British troops from the 4th Battalion, Royal Fusiliers (City of London Regiment) resting in the square at Mons 22 August 1914, the day before the Battle of Mons
left to right, generals French, Joffre and Haig behind the front. Lt-General Henry Wilson is second from right.
A British trench near the Albert-Bapaume road at Ovillers-la-Boisselle, July 1916 during the Battle of the Somme. The men are from A Company, 11th Battalion, The Cheshire Regiment
The Race to the Sea, Allied front line and movements are shown in red, German front line and movements are shown in blue
The front line in 1916, British gains during the battle of the Somme are shaded blue.
The French, British, Belgian and American lines of attack, during the Hundred Days Offensive
Men from an Indian Cavalry regiment on the Western front 1914
Canadian soldiers consolidating their positions on Vimy Ridge
Australian 2nd Division marching to the rear after the Battle of Pozières, August 1916. They are being watched by soldiers of the Australian 1st Division
Portuguese troops training with gas masks in the Western Front.
British Vickers gun crew
From Left 1914–1915 Star, Victory Medal, British War Medal

By the end of 1914—after the battles of Mons, Le Cateau, the Aisne and Ypres—the existent BEF had been almost exhausted, although it helped stop the German advance.

Photograph of John French, 1st Earl of Ypres, Commander-in-Chief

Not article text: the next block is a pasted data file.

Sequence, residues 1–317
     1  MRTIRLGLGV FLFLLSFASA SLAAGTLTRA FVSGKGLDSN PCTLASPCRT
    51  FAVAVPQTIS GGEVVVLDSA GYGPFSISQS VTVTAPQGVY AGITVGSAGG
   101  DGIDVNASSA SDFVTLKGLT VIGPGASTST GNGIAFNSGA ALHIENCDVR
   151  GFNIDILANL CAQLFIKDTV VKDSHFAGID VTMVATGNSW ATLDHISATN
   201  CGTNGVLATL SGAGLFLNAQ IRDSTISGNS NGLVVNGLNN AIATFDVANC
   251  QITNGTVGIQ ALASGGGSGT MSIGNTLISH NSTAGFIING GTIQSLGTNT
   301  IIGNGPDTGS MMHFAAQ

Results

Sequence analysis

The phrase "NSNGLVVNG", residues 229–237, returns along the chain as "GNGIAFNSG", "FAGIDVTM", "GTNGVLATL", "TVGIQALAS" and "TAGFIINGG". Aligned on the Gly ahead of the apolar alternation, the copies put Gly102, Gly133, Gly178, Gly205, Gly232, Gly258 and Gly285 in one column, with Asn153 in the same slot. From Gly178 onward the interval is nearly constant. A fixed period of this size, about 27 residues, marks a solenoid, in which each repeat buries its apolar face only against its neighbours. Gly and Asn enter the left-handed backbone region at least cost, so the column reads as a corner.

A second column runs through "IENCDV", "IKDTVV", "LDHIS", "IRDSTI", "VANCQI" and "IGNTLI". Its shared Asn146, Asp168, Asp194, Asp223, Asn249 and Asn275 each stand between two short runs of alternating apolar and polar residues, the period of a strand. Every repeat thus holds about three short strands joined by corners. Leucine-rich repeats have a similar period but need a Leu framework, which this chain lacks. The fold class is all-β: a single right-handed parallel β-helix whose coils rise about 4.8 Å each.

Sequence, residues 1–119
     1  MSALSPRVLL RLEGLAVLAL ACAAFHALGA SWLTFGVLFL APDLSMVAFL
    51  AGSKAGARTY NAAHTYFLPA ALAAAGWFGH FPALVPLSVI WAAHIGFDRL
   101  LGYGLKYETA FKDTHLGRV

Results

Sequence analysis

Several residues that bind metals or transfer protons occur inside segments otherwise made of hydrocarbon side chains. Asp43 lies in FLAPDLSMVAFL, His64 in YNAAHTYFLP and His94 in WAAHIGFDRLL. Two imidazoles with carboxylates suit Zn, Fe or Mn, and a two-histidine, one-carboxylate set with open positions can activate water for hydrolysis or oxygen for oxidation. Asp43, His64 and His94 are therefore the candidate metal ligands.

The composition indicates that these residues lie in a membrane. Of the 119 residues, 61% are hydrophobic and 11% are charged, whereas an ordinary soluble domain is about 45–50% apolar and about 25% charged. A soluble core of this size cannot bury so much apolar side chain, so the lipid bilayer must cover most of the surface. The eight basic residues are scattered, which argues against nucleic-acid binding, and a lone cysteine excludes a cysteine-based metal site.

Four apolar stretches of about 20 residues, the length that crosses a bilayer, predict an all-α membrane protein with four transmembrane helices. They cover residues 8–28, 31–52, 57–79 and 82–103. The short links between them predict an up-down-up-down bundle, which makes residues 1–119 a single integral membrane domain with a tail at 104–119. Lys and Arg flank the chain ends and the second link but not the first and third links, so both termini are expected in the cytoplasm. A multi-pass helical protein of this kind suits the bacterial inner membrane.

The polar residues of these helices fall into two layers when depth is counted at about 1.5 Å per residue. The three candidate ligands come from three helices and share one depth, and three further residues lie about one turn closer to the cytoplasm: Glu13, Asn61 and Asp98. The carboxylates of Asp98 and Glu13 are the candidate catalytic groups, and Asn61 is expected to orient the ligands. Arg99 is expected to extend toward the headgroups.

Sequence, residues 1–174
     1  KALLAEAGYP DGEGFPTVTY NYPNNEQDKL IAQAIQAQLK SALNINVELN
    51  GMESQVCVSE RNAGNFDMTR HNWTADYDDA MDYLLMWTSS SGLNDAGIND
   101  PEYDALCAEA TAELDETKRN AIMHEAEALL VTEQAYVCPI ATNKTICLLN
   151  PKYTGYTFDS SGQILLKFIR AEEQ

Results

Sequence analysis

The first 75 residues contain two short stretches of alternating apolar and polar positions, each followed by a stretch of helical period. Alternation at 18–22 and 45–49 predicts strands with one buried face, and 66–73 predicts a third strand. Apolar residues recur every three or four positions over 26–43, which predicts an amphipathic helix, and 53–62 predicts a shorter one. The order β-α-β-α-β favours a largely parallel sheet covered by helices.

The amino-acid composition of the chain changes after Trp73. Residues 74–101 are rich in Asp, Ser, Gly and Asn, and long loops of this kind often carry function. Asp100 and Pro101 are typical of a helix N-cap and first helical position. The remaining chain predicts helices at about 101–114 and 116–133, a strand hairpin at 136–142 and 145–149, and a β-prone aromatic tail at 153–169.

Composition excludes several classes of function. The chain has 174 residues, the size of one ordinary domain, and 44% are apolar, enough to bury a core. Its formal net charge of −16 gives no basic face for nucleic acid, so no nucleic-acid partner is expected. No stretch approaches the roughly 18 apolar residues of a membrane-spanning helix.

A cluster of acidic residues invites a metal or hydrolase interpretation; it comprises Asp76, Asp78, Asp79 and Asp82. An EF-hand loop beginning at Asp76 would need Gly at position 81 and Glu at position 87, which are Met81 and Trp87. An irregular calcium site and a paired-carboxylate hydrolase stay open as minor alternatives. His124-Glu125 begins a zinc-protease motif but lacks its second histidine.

John French, 1st Earl of Ypres

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Senior British Army officer.

Senior British Army officer.

Photograph of John French, 1st Earl of Ypres, Commander-in-Chief
Colonel French in full dress uniform, 1892. This is one of the few photographs of French taken before his appearance aged dramatically, and hinting at his success as a womaniser.
French caricatured by GDG for Vanity Fair, July 1900
French in full ceremonial uniform as Aide-de-Camp to King George V in September 1911.
Field Marshal French (left) in Paris
Official notice of "mentioned in dispatches" by French for a soldier in the Motor Machine Gun Service for gallantry at the Battle of Neuve Chapelle. Signed by Churchill who was Secretary of State for War in 1919 when the citation was issued.
Sir John French, and the British prime minister, H. H. Asquith, at BEF Headquarters in June 1915.
French, photographed in August 1915
French, Joffre and Haig (left to right) visit the front line during 1915. Henry Wilson, responsible at the time for liaison between French and Joffre, is second from the right.
John French, 1st Earl of Ypres c. 1919 by John Singer Sargent
A sergeant pointing out the bullet hole resulting from the IRA ambush, December 1919
Deal Castle at the end of the 19th century; at the rear are the Captain's Quarters, where French died in 1925 and which were destroyed in 1943